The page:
Set in mythological Japan, Kubo and the two strings is a fairly standard hero's journey tale with a style that is entirely non-standard, a stop-motion and practical-effect-laden aesthetic that is simply gobsmacking in its richness and style. Animation can do wonders, this we would all know even if we weren't smack in the middle of the Third Golden Age of Disney, but Laika's greatest strength has always been the way that their laborious, hand-crafted art style and stop motion design produces a truly unique effect on-screen, and Kubo may be their magnum opus insofar as such things are concerned. Every frame of the film is drenched in art, from the earthy sequences of Kubo's local village, to the truly fantastical designs of his aunts, or of the strange and horrible creatures that inhabit the world. How Laika contrived to produce all of this, I have no earthly idea, only that the labor must have been immense,and the result is apparent to all. Whatever faults it may have, Kubo is a gorgeous film, and those who go simply to drink in its richness will not be wasting their time.

It's always hard to criticize a movie that tells a simple tale, as this one does, because the sheer familiarity of a story is not a flaw, especially not in a children's movie, whose target audience will not be as jaded by a hundred thousand retellings of Joseph Campbell. In this case Kubo, a boy with the power to animate origami paper and produce living, moving figurines, lives with his mother by the sea and works as a storyteller in the local village, before the hero's journey inevitably whisks him away. This is the kind of simple story that is used as an excuse to provide other delights, such as visuals or memorable setpieces, one where the stakes and the direction are fairly obvious, and yet that's no slur. Pursued by a group of evil spirits, tasked with retrieving the magical artifacts once wielded by his warrior-father, protected by a group of magical creatures including a Japanese macaque with a distinctly martial bent, and a larger-than-man-sized beetle, it is a story of adventure and danger and family and lessons learned. Kubo himself, voiced by Art Parkinson (Game of Thrones' Rickon Stark), is a perfectly compelling protagonist, brave and kind and sly in his own way, and the movie's recurring theme of metaf-iction, drawn out through Kubo's own profession telling stories with inanimate objects brought to life, complements the main plot perfectly. The rest of the voice cast is provided by other stalwarts, including Charlize Theron, whose role as a swordfighting monkey is actually fairly badass for a G-rated kids movie, while the ever-reliable Ralph Fiennes gets to play an evil god (again). Cary Hiroyuki-Tagawa , Rooney Mara, and George Takei also lend their voices to more minor roles, all doing a fine job. For those interested in nothing more than a quality children's film, Kubo has everything you are looking for.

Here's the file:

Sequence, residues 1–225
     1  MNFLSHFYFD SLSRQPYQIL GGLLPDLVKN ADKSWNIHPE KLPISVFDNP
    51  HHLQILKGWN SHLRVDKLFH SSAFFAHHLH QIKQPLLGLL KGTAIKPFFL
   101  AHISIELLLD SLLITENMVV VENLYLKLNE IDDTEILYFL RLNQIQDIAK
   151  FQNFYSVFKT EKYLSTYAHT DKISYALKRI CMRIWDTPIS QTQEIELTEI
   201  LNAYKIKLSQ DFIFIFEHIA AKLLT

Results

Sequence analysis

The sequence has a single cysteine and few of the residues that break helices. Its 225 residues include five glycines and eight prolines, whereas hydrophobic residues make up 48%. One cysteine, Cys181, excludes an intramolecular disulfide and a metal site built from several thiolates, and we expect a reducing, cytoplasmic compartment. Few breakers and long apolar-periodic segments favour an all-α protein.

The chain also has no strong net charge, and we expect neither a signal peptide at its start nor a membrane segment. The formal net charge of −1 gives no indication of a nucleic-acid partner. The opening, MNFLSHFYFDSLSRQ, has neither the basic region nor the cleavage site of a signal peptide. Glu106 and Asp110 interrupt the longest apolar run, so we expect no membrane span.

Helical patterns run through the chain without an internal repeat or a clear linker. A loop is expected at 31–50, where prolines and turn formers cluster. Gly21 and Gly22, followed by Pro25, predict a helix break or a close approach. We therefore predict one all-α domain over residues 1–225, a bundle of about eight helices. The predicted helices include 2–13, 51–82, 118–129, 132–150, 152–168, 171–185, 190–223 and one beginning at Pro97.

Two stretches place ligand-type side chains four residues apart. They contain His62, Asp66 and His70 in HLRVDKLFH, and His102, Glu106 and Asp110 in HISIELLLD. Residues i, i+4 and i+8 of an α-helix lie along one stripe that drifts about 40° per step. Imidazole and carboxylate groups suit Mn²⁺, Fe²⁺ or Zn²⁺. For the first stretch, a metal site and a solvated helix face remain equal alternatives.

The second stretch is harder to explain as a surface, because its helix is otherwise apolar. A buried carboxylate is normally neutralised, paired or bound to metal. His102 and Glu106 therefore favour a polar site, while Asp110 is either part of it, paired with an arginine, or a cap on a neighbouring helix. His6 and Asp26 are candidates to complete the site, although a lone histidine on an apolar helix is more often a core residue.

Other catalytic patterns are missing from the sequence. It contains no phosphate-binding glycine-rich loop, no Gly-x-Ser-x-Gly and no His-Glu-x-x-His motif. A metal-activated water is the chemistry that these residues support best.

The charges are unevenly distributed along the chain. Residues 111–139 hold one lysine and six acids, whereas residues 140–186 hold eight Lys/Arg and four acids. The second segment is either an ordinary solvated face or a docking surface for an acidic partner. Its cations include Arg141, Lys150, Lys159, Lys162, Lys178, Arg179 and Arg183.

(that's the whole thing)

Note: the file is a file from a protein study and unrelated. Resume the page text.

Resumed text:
Things Havoc disliked: I really hate to do this.